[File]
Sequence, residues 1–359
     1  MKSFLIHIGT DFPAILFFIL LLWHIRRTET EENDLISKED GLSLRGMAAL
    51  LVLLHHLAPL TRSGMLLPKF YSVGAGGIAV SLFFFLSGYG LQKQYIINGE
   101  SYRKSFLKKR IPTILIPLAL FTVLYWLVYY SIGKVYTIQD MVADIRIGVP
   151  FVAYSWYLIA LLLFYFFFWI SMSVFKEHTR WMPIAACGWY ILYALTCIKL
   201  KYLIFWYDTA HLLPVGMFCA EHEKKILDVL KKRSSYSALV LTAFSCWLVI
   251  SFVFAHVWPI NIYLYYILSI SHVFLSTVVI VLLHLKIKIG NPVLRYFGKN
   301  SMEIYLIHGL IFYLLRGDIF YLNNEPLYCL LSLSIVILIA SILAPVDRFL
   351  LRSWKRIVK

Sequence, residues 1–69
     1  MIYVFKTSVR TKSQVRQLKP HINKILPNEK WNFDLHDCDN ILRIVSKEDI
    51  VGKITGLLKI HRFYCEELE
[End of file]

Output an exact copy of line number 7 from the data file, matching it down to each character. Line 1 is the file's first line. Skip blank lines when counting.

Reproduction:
   251  SFVFAHVWPI NIYLYYILSI SHVFLSTVVI VLLHLKIKIG NPVLRYFGKN